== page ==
- What are your obstacles?
- If you had just one wish from IT, what would it be?
He improved his observation skills to find habits that needed to be stopped or to consider ways of better-using bank technology. He called a senior staff meeting two weeks later and added the Service Desk manager and as much of the team that could come without impacting calls for a couple of hours.
He explained his discoveries but did not comment on how to improve issues. He wanted their opinion, and he wanted them to feel empowered.
Empowered – a powerfully scary word
They had never been empowered. They had never been asked for their opinion, nor had they been given clear guidelines on what they could do, could not do yet or how to escalate. The CIO had placed his discoveries on post-it notes around a large conference room.
He said, “I am leaving now but for the next two hours, place your thoughts under each note on what we should do to improve the situation.”
When he returned, some of the post-its had not yet been explored, which he said was fine. The CIO told them they would take each idea for the next month and experiment with making IT better and safer for use and maintenance.
He wanted them to describe high-level what the experiment would comprise, what they hoped to achieve, how they would know (a metric), and what impact they hoped would be derived by staff or customers.
He gave them two days and then said you now have a month to test your thoughts.
He told them that if they felt something was wrong or were not ready or needed help, they had to come to management and candidly explain the situation. It might be a lack of skills, tools, or other tasks they were obligated to perform or stress caused by the new behaviours.
He openly coached his managers to work and act differently to ensure people felt comfortable, as he wanted them to give candid feedback upwards!
The Service Desk tracked success based on satisfaction and the number of incidents caused. No blame was attributed to a missed metric or issue. The CIO wanted to create an environment of safe innovation, collaboration, and rapid feedback.
The CIO wanted metrics and behaviours to help IT staff know their contribution to the bank’s success.
What happened next?
The first two weeks were rough. The CIO constantly asked everyone how they felt about this exercise. The CIO coached his management team on how to ask questions, receive feedback, remove obstacles, and learn the truth by visiting the Service Desk.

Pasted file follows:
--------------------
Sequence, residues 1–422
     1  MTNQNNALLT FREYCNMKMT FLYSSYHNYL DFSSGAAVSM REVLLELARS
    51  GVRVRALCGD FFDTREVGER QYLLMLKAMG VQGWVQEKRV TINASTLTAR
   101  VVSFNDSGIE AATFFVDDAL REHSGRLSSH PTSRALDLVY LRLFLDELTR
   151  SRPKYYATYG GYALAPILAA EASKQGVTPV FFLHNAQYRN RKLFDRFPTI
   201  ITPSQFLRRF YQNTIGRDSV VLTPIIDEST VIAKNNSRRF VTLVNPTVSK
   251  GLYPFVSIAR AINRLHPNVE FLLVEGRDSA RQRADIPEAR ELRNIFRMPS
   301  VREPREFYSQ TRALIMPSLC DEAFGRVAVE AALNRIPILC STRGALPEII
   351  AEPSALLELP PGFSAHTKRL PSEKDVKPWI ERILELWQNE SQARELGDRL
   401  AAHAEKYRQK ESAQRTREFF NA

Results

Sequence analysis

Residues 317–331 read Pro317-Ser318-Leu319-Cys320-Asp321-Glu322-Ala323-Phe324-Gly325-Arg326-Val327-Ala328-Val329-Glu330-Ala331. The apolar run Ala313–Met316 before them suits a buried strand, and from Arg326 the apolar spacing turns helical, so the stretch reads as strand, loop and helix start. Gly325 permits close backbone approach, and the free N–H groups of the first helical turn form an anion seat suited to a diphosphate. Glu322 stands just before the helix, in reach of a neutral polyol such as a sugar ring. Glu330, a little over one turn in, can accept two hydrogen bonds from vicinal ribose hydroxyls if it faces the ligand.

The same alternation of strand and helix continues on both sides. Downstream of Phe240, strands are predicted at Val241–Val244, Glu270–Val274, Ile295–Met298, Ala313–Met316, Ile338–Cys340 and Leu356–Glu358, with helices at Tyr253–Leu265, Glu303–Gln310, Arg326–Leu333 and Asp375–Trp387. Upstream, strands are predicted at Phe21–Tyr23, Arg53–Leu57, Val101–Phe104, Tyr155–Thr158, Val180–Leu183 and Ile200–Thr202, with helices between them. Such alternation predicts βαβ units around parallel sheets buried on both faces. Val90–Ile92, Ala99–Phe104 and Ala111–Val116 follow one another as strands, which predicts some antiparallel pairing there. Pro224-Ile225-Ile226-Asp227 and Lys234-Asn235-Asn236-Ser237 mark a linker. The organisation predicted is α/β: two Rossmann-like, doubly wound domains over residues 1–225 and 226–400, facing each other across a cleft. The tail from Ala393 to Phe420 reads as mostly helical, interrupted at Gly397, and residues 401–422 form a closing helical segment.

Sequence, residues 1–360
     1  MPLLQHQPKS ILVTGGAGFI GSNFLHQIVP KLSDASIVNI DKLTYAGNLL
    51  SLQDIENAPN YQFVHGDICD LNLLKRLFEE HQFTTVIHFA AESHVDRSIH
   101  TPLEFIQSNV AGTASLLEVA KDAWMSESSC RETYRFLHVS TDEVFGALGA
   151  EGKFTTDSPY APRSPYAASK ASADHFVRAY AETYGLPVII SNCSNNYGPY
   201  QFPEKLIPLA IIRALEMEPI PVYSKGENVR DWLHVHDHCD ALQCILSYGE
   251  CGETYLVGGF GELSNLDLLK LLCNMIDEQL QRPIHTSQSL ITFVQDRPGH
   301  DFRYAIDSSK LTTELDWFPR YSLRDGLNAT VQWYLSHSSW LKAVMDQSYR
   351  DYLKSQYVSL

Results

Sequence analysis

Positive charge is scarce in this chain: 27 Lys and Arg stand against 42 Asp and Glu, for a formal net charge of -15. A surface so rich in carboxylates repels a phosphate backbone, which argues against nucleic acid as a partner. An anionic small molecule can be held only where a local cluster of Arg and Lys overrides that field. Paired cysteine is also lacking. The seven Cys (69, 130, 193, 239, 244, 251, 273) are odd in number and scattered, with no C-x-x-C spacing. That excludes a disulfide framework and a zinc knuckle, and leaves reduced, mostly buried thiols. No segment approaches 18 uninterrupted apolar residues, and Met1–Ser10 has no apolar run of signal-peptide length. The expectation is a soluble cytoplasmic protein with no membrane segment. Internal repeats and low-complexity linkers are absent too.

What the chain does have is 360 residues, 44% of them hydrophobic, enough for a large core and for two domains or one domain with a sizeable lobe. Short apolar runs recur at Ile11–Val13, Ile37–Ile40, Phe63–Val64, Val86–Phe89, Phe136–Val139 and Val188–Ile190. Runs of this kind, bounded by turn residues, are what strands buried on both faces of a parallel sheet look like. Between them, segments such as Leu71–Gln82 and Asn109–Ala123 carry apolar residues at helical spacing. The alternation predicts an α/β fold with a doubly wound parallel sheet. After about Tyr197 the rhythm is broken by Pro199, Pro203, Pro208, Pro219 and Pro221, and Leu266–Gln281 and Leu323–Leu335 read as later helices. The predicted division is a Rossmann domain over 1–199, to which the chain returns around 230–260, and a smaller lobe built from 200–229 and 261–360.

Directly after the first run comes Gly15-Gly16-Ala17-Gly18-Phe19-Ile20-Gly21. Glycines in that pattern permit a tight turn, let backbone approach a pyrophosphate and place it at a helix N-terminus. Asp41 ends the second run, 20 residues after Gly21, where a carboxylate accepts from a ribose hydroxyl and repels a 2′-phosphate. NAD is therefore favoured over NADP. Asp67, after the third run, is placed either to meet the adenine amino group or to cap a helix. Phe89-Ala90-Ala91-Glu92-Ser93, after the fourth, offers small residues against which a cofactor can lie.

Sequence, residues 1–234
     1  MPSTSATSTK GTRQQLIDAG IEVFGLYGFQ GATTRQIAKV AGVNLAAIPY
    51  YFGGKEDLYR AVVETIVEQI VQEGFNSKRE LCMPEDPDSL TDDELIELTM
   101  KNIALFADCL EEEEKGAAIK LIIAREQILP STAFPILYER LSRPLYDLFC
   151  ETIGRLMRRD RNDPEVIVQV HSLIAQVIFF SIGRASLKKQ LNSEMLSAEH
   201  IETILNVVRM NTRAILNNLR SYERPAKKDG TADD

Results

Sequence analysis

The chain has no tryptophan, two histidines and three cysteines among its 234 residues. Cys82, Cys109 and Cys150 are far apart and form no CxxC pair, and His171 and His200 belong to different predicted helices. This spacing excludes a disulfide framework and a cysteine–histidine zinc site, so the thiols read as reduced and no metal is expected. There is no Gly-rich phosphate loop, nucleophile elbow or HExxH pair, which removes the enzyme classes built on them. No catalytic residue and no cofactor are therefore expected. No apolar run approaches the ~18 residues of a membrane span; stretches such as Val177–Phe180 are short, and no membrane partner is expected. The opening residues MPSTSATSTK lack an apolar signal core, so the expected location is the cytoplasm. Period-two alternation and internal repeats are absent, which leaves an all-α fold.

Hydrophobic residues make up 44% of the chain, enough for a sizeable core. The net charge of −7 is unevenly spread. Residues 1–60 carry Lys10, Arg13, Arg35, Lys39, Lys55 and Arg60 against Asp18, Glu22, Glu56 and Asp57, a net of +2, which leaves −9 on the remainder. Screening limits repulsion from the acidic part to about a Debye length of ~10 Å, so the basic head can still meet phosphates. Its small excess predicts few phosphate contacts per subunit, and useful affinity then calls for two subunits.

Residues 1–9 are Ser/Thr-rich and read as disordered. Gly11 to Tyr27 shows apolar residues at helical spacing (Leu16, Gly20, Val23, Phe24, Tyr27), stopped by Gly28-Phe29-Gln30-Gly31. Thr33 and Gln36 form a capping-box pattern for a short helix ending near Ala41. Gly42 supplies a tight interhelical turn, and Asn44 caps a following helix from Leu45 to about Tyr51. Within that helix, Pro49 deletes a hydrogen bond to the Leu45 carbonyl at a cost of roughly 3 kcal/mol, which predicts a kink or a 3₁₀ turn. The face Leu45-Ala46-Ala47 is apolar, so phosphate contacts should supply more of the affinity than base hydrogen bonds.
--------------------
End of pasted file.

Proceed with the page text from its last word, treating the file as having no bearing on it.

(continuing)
The result was startling! The post-it note room became a place of discovery, and eight years later, it is filled with Miro boards and excited staff and internal users.
They have created new services and improved the technology in use across the organisation better, faster, and safer than ever before. Every three months, they ask the Phoenix project questions to department heads to ensure that IT is ready for what the bank wants to do next.
Morale and takeaways
The CIO now coaches these behaviours across the bank:
- Get out of the office 70% of your week, observe the impact of technology (people, practices, and the fun stuff) and stop over-relying on reports or dashboards
- Coach your leadership at all levels to do the same
- Use the Service Desk has the font of customer experience knowledge
- Give empowerment direction clearly
- Accept feedback
- Openly confess
- Celebrate effort as well as success
Treasure your Service Desk. The Service Desk knows the reality of services and what users and customers are experiencing. Learn from them to help coach others on how to best benefit from IT.
If you walk around, remember to introduce what Harvard Business School professor Amy Edmondson calls “psychological safety.” Leadership needs to create an environment where people are encouraged to innovate, state their beliefs candidly and respectfully, take agreed risks, and ask for assistance when they get stuck.
Safety promotes innovation and collaboration!
Confess when you get it wrong and show that you have learned! Don’t forget to celebrate effort as well as success! Remember that your actions and reactions will help create a new culture.
I hope you blog and speak about your journey via the SDI or itSMFUK.
If you have a confession to make or want to share your success story or experience working in the IT or ITSM industry, please get in touch with us at firstname.lastname@example.org. We’d love to share your story and help you connect with the SDI community!